If You Want the Purest Porsche Experience on the Road, Buy This Car
When Porsche introduced the manual 911 R last year, it made only 991 of them. The super-tuned monster sold out within minutes, though you can find them floating around now on the aftermarket for $1 million or more.
This is too bad, in a way, because Porsche ostensibly made the model for enthusiasts—but it was scooped up largely by collectors, strict purists, and VIPs, making it unavailable for the hordes of rabid Porsche fans and track addicts who would have killed to own such a singular prize.
Those who missed out on the 911 R parade may have mollified themselves with something like the 911 GT3, a $143,600, 500hp, track-ready racer complete with a spoiler lifted so high on the back the whole car screams “boy racer” from blocks away. (It’s not the look you’d want for an elegant evening out or a luxurious weekend getaway.) It is the water-cooled boss of the 911 family—super powerful, smooth, low, and tuned very tightly, with a suspension, brakes, and aerodynamics best-suited for track dominance.
But there’s also the 2018 Porsche 911 Carrera GTS to consider. With understated good looks, track-ready performance, and a starting price of $120,000, the 911 GTS is the obtainable alternative to the ultra-exclusive 911 R and the thinking man’s version of the flashy GT3. It’s the one you will want to take out (plenty of them will be made to go around)—the sweet spot in the 911 lineup you may have overlooked.
What’s the difference?
Porsche’s 911 GTS is the more-powerful, faster, tighter 911 that still looks calm and collected. It’s meant to appeal to the discerning buyer—not flashy, but engineered to perform on a par with others that are.
The coupe comes with Porsche’s famous boxer six engine tuned for 450-horsepower and 405 pound-feet of torque. That’s only 50hp fewer and 66 pound-feet more torque than the GT3, which I’ll remind you costs $23,600 more even if you don’t get upgrades.
What’s more, the twin-turbo 911 GTS hits 60 mph in 3.9 seconds in manual (more on that in a second) form, just 0.1 second slower than that GT3. And the top speeds are basically the same, just shy of 200 mph.
In real-life terms, that means the car has a sporty punch and a sense of immediate power, whether you’re on the highway or the streets of Harlem. The tension on the GT sport-style steering wheel and the response from the chassis and suspension are impossible to ignore. (A refined slip regulation system and automatic brake differential help here, too; the car feels as connected to the road as a magnet.) Just put the car where you want it—it’s no lag, no hesitation.
A real joy comes with driving something so nimble and tightly tuned as a Porsche 911. But the beautiful thing about the GTS is that you don’t have to pay through the nose for it.
Save the Manual
The seven-speed, rear-wheel drive on the GTS in particular merits mention. It’s run by a manual transmission, which is standard here but not on many other cars. In fact, not many cars these days, let alone Porsches, can claim that.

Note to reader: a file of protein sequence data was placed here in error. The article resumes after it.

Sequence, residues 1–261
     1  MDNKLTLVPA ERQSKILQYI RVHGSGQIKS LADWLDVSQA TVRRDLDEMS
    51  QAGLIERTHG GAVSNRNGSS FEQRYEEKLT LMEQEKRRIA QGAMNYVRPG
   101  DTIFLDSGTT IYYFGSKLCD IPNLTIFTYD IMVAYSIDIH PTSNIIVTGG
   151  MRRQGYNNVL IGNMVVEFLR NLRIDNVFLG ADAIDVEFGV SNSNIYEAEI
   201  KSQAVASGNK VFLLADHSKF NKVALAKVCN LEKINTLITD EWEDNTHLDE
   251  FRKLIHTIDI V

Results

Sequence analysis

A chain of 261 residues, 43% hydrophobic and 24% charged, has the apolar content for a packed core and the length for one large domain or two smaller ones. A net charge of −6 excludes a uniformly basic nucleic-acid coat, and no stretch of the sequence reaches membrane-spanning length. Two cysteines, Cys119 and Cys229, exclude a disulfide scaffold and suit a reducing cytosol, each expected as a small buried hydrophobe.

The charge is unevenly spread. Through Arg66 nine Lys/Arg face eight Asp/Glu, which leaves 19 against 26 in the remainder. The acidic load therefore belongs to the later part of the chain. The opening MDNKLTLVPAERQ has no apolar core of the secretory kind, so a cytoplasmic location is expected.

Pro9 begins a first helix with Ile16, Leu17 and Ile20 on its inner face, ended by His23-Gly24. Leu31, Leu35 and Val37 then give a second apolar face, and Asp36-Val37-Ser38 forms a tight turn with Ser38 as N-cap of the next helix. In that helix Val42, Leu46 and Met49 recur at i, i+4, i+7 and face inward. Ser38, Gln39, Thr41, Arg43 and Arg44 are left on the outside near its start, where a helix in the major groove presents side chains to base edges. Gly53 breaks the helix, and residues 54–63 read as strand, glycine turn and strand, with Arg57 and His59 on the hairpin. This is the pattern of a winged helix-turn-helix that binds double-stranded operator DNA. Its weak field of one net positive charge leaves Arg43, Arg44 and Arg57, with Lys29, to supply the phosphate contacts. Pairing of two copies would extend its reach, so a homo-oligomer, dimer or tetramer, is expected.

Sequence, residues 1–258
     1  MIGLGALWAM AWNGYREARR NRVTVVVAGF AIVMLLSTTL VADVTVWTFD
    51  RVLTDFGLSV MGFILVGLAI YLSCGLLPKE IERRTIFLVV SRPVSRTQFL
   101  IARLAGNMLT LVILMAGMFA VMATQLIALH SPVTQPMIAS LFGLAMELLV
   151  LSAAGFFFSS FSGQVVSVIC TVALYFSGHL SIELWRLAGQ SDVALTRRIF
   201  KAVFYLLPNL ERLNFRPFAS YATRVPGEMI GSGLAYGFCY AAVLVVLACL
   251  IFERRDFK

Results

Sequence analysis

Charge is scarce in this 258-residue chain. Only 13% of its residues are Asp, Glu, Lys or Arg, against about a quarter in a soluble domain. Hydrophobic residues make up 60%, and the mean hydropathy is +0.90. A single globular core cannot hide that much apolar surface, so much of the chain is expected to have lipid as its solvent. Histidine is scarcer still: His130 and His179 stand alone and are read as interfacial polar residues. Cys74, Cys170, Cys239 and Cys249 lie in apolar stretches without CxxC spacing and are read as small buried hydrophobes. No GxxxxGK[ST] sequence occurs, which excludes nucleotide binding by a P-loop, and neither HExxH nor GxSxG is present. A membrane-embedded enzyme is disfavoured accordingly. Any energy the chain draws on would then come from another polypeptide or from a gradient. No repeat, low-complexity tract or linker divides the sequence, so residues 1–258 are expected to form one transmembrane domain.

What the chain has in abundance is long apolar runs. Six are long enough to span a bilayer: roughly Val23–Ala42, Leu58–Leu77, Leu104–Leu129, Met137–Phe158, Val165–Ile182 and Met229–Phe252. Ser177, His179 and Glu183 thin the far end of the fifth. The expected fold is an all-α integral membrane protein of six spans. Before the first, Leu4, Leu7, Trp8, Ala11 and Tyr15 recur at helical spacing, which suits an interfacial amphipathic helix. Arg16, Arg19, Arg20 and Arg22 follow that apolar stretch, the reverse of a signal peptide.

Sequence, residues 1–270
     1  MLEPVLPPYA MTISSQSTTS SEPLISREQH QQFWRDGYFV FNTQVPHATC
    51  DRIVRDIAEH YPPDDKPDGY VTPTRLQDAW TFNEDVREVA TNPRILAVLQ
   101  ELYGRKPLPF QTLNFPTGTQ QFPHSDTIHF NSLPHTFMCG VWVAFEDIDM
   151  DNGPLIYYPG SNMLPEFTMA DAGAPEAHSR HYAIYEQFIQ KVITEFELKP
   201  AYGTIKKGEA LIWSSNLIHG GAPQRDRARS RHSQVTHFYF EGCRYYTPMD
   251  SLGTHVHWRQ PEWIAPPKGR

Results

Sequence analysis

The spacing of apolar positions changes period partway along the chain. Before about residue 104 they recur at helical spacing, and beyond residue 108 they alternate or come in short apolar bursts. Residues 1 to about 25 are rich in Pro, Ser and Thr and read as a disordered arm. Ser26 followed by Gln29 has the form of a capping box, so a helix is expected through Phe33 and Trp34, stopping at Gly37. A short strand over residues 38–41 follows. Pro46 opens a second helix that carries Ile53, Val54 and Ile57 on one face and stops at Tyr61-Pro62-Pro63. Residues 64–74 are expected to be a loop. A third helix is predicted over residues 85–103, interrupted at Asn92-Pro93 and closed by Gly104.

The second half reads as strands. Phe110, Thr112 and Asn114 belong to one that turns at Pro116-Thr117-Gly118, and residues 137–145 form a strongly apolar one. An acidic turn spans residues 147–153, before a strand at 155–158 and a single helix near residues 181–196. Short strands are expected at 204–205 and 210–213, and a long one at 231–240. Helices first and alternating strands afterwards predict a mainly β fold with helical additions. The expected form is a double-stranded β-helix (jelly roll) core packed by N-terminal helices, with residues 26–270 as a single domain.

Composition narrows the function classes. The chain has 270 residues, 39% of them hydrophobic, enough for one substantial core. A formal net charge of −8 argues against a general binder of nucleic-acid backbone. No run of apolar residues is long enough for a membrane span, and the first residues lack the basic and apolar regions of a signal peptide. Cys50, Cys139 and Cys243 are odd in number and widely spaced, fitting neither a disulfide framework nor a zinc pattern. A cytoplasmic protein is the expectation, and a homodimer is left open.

After Porsche introduced the manual 911 R, the response from clients was such that Porsche introduced manual versions of the GT3 and GTS. (Manuals have been phased out largely in favor of the Formula 1-developed paddle technology that allows for optimal shifting. Automatic shifting is faster and more efficient than manual shifting, if a less than thrilling alternative.)
First, as the driver with a manual shifter, you control when and how quickly the car accelerates, at which engine speed and along whichever point in, say, the turn that you want. That engagement, rather than letting a computer doing it for you at preset increments, makes driving quite fun. While the PDK (paddle) automatic shifting on the GTS is 0.4 seconds faster to 60 mph and more fuel efficient, a manual transmission allows for more spirited driving on the road. It means you can pick the exact moment when you shift up to extend the car’s legs, as it were, or shift down in anticipation of leap frogging someone in traffic a moment later. It means you get nervous chasing down cars ahead of you, and choosing the right moment to downshift out of a curve feels like a game.
Secondly, in an age when even Malcolm Gladwell questions the viability of human-piloted cars in the near future, controlling a car through shifting is a worthy badge of honor. It’s becoming a rarified skill—a tangible link to Steve McQueen, Paul Newman, and James Bond.
Rather than sitting ON seats inside the car, grasping the stick shift awkwardly over a bulbous center console or reaching to fumble through needless knobs, the minimalist controls make you feel as though you’re sitting IN the sport seats, with the few control buttons, adjustment switches, and shifting stick all within easy reach. You never have to extend or reach out of your way; it’s always eyes on the road, hands on the wheel. That perfect design interior is key to why Porsche is the most beloved German brand on the road today.
In fact, the policemen who approached me last week in New York identified the GTS from blocks away.
I’ve driven many sexy, expensive, and/or rare cars in my neighborhood, but it took a carmine red Porsche 911 GTS to compel the fellas from the local precinct to get out of their cruiser and chat while I photographed the car. The GTS is their dream Porsche—their dream car, they told me. They knew all the specs: the manual transmission, the rear-wheel drive, the bi-Xenon headlights, the rear spoiler that extends automatically under certain speeds, and the horsepower and engine configuration that characterize the one car they’d buy if they could afford it.
They’re not the only ones. Just days ago Porsche announced it will offer both the plucky Boxster and the playful Cayman in GTS versions as well. If those two are anything like the 911 GTS, they’re going to be very special. I can’t wait.